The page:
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If you decide to dine at Mainely Meats BBQ, do douse yourself liberally with bug spray before going in. Seating is outside and the gigantic Maine mosquitoes love BBQ-fed human.

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Once in town, we hopped on the 2.5 hour trolley tour (reserved a few weeks before onine) of Acadia National Park with Oli’s Trolley.  Our driver talked about the various historic mansions we passed on the way into the park (rich folk loved to summer here back in the day) and provided information on the history and geography of Mt. Desert Island as we drove the park loop road.

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Unlike many other National Park loop roads, the traffic on this one isn’t too bad (the real stop and go problem is in Bar Harbor itself) but parking at key stops is difficult. The free Island Explorer bus does not go to the top of Cadillac Mountain… Oli’s trolley tour is a great, hassle free intro to the park.

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View from Cadillac Mountain in 2015

We had three stops for photographs and exploration. The first was Cadillac Mountain, named for a French explorer. At just over 1500 feet elevation, Cadillac is the highest point on the American Atlantic coast and, at certain times of the year, is the first place to see the sunrise in North America. On a clear day, you can see as far as Mount Katahdin, Maine’s highest mountain. We were not there on a clear day. The harbor was completely fogged in. I got some cool shots of the fluffy white shroud blanketing the small islands I remembered being able to see in Frenchman’s Bay eight years earlier. When I pulled some of the older photos for this post, I realized it hadn’t been entirely clear in May of 2007 either, but I had gotten an image of a cruise ship coming into port, so visibility was definitely better.

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View from Cadillac Mountain in 2007

Next stop was Sieur de Monts. There is a natural spring here. The Sieur de Monts Spring House was built by George B. Dorr, the first superintendent of Acadia in 1909.

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Sieur de Monts Spring House

There is also a nature center here where we were able to touch a moose antler and talk to a ranger. There is a garden trail that we did not explore this trip.

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Nature center in Sieur De Monts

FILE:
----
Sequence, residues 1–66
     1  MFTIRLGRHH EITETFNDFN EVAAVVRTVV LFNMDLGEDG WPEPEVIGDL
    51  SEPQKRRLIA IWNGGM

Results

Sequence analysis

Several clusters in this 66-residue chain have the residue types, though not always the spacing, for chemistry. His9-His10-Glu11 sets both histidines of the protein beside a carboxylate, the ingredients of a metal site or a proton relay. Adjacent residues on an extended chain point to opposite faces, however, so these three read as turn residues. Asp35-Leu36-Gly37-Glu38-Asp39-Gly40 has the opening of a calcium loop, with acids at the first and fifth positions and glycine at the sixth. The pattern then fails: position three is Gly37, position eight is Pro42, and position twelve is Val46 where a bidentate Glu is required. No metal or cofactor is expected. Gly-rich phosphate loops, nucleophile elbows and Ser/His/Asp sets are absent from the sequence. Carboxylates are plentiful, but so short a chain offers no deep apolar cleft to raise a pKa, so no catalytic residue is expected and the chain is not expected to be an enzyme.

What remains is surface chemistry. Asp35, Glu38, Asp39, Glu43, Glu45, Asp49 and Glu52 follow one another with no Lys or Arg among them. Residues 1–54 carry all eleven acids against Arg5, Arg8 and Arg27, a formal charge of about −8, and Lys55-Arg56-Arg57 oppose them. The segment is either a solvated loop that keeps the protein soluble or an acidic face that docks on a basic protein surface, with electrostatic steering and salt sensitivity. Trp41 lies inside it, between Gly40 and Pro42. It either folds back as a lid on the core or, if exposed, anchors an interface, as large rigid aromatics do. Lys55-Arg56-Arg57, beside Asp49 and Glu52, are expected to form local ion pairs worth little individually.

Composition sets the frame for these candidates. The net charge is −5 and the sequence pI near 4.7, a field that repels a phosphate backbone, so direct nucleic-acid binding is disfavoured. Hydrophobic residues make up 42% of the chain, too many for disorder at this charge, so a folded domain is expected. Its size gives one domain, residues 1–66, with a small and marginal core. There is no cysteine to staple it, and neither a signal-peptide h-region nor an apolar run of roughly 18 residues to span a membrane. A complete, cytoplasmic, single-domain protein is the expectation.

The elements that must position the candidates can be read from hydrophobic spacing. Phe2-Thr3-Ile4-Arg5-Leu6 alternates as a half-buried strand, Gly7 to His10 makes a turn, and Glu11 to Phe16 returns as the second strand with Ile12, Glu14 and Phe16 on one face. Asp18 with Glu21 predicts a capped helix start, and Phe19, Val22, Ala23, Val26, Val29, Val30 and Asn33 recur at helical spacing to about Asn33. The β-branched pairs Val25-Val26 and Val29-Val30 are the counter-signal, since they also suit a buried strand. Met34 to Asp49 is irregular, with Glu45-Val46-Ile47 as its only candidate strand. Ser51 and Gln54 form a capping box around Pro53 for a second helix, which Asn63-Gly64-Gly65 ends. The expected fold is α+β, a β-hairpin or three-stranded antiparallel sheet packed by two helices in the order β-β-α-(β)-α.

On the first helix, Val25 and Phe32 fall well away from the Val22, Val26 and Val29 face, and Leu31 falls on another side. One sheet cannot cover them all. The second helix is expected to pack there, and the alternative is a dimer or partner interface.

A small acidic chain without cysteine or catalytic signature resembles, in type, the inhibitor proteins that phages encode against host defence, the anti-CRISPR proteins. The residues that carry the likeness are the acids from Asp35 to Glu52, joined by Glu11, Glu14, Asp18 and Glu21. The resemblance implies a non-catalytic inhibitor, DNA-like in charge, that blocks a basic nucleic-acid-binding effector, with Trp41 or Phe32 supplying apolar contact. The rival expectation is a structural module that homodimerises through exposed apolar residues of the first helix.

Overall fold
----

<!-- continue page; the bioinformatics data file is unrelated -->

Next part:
Our last stop was Thunder Hole.  This is a sort of blowhole formed by an underwater cavern in the rocky coastline. We stood at the guardrail with about 100 other eager tourists and watched the waves come in and spout out through the hole. Mesmerizing, but the waves weren’t really strong enough to create the thunderous crash the location is named for.

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The rocky coast by Thunder Hole

Back in town, we walked next door to Stewman’s Downtown Lobster Pound. Yes, this is a tourist trap, but it has a lot going for it: ample seating with views of the harbor, it is in walking distance from most downtown hotels (trust me, once you get your car in the hotel lot, you will not want to move it again until you are leaving Bar Harbor behind) and it’s a lobster pound, which means fresh lobster is brought in daily, right off the boat. Everything else on the menu is meh, so just stick to lobstah and you’ll be OK.

Location: Mount Desert Island

Designation: National Park

Date designation declared: 7/8/1916

Date of my visit: August 2015

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Portland Observatory National Historic Landmark

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Welcome back to National Parks & other public lands with T! If you are seeing this on Twitter or Facebook, please visit the blog to see all of the photos and read the story by clicking the link.

Though designated a national landmark, the Portland Observatory is not managed by any federal agency. It is owned by the City of Portland and maintained by a private non-profit group called Greater Portland Landmarks.  There is a small fee to enter and tours  are conducted by volunteers. Access to the tower is only via the guided tour during the summer.

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We made our way up to the observatory late in the afternoon on a whirlwind tour of the city that involved a Ride the Ducks tour, the Maine Narrow Gauge Railroad, kayaking, and, of course, walking.

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The observatory sits on top of Munjoy Hill and is the only remaining historic maritime signal tower in the United States. It cost us about $25 for the three of us to climb to the top of the seven story structure with the docent while learning about the history of the observatory.

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Though it looks like a lighthouse, the observatory was built in 1807 for a different purpose. Through a system of flags and lights, the tower signaled merchants down at the wharf that their ships were on their way in to the harbor so that they could prepare for their arrival. During the war of 1812, it served as a watchtower. It then continued to serve as a signal tower until 1923 when radio made it obsolete.

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We’d tired ourselves out walking all over the city and up Munjoy Hill, so it was nice to take the steep stairs at a slow pace during the tour that paused at exhibits on each floor. Once at the top, we spent some time admiring the spectacular views of Casco Bay, Back Cove and Portland. The entire visit took little more than a half-hour, but definitely augmented our Portland experience.

Location: 138 Congress Street, Portland, Maine

Designation: National Historic Landmark

Date designation declared: 2/17/2006

Date of my visit: 8/18/2015